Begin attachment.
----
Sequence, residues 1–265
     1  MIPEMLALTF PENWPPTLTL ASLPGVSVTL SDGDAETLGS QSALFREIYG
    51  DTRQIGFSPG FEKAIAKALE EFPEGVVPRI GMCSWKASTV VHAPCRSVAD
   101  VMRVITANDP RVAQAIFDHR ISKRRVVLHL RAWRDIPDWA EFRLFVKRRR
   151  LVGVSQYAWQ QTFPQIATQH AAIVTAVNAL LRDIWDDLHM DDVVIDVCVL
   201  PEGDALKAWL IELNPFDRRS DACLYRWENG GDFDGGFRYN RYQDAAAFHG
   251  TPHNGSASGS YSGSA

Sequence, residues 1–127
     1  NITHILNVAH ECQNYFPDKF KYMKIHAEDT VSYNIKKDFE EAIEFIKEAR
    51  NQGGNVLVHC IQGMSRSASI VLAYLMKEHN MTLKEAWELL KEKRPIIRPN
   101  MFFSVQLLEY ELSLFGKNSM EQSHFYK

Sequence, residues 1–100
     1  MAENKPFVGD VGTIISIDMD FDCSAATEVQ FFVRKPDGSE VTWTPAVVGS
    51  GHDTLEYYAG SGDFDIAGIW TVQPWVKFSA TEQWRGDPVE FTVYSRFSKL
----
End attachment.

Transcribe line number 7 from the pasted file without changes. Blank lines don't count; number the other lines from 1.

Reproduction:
   251  TPHNGSASGS YSGSA